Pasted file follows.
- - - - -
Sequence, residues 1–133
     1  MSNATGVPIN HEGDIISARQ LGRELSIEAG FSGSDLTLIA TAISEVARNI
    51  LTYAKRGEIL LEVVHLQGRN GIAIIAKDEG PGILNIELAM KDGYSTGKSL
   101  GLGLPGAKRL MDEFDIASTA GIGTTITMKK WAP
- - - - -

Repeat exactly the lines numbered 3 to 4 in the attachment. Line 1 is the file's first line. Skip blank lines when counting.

    51  LTYAKRGEIL LEVVHLQGRN GIAIIAKDEG PGILNIELAM KDGYSTGKSL
   101  GLGLPGAKRL MDEFDIASTA GIGTTITMKK WAP